# Debug high CPU usage in .NET Core

This article applies to: ✔️ .NET Core 3.1 SDK and later versions

In this tutorial, you'll learn how to debug an excessive CPU usage scenario. Using the provided example ASP.NET Core web app source code repository, you can cause a deadlock intentionally. The endpoint will stop responding and experience thread accumulation. You'll learn how you can use various tools to diagnose this scenario with several key pieces of diagnostics data.

In this tutorial, you will:

• Investigate high CPU usage
• Determine CPU usage with dotnet-counters
• Use dotnet-trace for trace generation
• Profile performance in PerfView
• Diagnose and solve excessive CPU usage

## Prerequisites

The tutorial uses:

## CPU counters

Before attempting to collect diagnostics data, you need to observe a high CPU condition. Run the sample application using the following command from the project root directory.

dotnet run


To find the process ID, use the following command:

dotnet-trace ps


Take note of the process ID from your command output. Our process ID was 22884, but yours will be different. To check the current CPU usage, use the dotnet-counters tool command:

dotnet-counters monitor --refresh-interval 1 -p 22884


The refresh-interval is the number of seconds between the counter polling CPU values. The output should be similar to the following:

Press p to pause, r to resume, q to quit.
Status: Running

[System.Runtime]
% Time in GC since last GC (%)                         0
Allocation Rate / 1 sec (B)                            0
CPU Usage (%)                                          0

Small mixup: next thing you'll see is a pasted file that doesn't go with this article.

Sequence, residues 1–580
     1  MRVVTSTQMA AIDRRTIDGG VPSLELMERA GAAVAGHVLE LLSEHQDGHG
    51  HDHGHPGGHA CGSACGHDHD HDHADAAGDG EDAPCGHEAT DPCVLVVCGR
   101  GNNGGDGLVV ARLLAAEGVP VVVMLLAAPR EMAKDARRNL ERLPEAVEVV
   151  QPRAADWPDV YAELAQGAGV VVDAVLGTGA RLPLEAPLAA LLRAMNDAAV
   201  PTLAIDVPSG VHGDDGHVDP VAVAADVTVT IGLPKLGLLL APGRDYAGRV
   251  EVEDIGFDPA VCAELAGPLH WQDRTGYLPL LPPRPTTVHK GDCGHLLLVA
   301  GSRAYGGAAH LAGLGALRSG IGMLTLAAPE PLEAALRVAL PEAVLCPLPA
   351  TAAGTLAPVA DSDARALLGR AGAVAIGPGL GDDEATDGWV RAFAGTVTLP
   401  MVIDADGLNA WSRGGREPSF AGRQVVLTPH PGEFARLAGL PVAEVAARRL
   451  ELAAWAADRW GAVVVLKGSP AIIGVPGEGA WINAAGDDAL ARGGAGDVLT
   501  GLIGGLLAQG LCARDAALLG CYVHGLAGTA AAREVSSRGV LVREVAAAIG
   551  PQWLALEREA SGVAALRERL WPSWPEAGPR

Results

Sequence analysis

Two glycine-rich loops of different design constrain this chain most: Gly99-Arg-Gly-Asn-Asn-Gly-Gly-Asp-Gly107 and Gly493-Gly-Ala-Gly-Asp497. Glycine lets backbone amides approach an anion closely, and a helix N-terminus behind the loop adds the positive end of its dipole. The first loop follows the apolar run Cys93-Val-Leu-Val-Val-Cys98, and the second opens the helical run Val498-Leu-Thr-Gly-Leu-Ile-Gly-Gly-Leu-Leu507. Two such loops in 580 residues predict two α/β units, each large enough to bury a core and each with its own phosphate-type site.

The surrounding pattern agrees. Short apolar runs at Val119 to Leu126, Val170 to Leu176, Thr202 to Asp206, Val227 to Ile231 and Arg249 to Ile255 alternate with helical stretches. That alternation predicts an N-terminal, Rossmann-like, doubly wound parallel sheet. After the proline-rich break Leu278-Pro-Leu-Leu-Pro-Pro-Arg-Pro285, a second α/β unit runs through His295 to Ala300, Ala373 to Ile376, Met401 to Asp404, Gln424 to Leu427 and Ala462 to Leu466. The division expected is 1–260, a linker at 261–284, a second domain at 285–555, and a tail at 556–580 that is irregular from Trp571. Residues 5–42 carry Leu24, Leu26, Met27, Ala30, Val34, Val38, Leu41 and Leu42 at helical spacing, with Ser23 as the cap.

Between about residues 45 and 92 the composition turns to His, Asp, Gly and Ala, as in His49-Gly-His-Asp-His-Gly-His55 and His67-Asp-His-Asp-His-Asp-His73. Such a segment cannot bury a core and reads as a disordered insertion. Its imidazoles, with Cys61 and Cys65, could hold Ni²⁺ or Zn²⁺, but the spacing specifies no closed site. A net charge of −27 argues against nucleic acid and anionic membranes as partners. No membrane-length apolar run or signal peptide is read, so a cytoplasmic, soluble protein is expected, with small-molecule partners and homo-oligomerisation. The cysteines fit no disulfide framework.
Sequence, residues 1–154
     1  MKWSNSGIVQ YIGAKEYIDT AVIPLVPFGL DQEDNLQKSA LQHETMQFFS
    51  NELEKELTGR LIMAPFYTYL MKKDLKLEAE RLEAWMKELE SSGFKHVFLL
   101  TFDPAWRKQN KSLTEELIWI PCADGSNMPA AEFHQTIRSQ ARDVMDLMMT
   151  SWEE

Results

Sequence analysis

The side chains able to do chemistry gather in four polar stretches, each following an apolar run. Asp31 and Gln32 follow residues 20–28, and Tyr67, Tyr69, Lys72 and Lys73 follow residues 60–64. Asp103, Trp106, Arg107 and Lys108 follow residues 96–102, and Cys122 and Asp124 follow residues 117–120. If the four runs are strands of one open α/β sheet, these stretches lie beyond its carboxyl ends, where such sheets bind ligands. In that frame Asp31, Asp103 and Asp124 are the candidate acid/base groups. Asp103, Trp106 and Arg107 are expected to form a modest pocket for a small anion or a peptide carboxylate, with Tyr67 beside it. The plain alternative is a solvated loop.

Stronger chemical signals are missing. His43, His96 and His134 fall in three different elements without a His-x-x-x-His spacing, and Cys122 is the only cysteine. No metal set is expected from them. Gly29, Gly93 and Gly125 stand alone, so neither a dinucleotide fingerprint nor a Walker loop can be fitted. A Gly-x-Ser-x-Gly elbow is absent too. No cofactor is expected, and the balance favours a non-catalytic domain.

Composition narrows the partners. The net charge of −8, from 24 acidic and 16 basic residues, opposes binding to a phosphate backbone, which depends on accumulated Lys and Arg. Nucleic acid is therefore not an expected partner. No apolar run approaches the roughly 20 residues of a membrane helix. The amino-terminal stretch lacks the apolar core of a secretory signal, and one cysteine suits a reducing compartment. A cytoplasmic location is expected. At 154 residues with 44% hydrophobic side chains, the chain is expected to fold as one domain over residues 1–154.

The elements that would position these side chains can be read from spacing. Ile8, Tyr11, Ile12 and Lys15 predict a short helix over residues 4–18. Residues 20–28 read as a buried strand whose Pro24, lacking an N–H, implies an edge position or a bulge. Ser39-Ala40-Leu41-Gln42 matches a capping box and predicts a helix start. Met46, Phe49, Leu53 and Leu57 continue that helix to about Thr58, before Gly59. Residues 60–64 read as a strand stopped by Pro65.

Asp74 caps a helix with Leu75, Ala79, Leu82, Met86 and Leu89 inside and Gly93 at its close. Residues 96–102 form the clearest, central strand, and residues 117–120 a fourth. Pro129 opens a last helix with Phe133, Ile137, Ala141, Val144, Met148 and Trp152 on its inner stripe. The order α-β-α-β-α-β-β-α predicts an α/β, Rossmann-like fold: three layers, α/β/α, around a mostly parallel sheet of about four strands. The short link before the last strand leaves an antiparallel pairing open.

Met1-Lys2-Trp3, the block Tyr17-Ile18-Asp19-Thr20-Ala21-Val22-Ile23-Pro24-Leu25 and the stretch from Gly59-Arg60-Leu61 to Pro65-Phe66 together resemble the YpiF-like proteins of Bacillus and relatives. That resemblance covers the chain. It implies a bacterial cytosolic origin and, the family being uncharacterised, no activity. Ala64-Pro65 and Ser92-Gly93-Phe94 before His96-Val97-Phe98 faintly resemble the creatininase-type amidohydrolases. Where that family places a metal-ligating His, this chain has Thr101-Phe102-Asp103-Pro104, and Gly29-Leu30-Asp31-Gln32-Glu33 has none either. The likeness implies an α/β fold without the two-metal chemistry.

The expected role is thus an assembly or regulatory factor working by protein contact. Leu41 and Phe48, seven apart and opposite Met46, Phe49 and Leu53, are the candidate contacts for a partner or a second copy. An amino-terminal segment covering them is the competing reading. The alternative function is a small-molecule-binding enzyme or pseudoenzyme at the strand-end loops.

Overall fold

Exception Count / 1 sec                                0
GC Heap Size (MB)                                      4
Gen 0 GC Count / 60 sec                                0
Gen 0 Size (B)                                         0
Gen 1 GC Count / 60 sec                                0
Gen 1 Size (B)                                         0
Gen 2 GC Count / 60 sec                                0
Gen 2 Size (B)                                         0
LOH Size (B)                                           0
Monitor Lock Contention Count / 1 sec                  0
Number of Active Timers                                1
ThreadPool Completed Work Item Count / 1 sec           3
Working Set (MB)                                      63


With the web app running, immediately after startup, the CPU isn't being consumed at all and is reported at 0%. Navigate to the api/diagscenario/highcpu route with 60000 as the route parameter:

https://localhost:5001/api/diagscenario/highcpu/60000

Now, rerun the dotnet-counters command. If interested in monitoring just the cpu-usage counter, add '--counters System.Runtime[cpu-usage] to the previous command. We are unsure if the CPU is being consumed, so we will monitor the same list of counters as above to verify counter values are within expected range for our application.

dotnet-counters monitor -p 22884 --refresh-interval 1


You should see an increase in CPU usage as shown below (depending on the host machine, expect varying CPU usage):

Press p to pause, r to resume, q to quit.
Status: Running

[System.Runtime]
% Time in GC since last GC (%)                         0
Allocation Rate / 1 sec (B)                            0
CPU Usage (%)                                         25
Exception Count / 1 sec                                0
GC Heap Size (MB)                                      4
Gen 0 GC Count / 60 sec                                0
Gen 0 Size (B)                                         0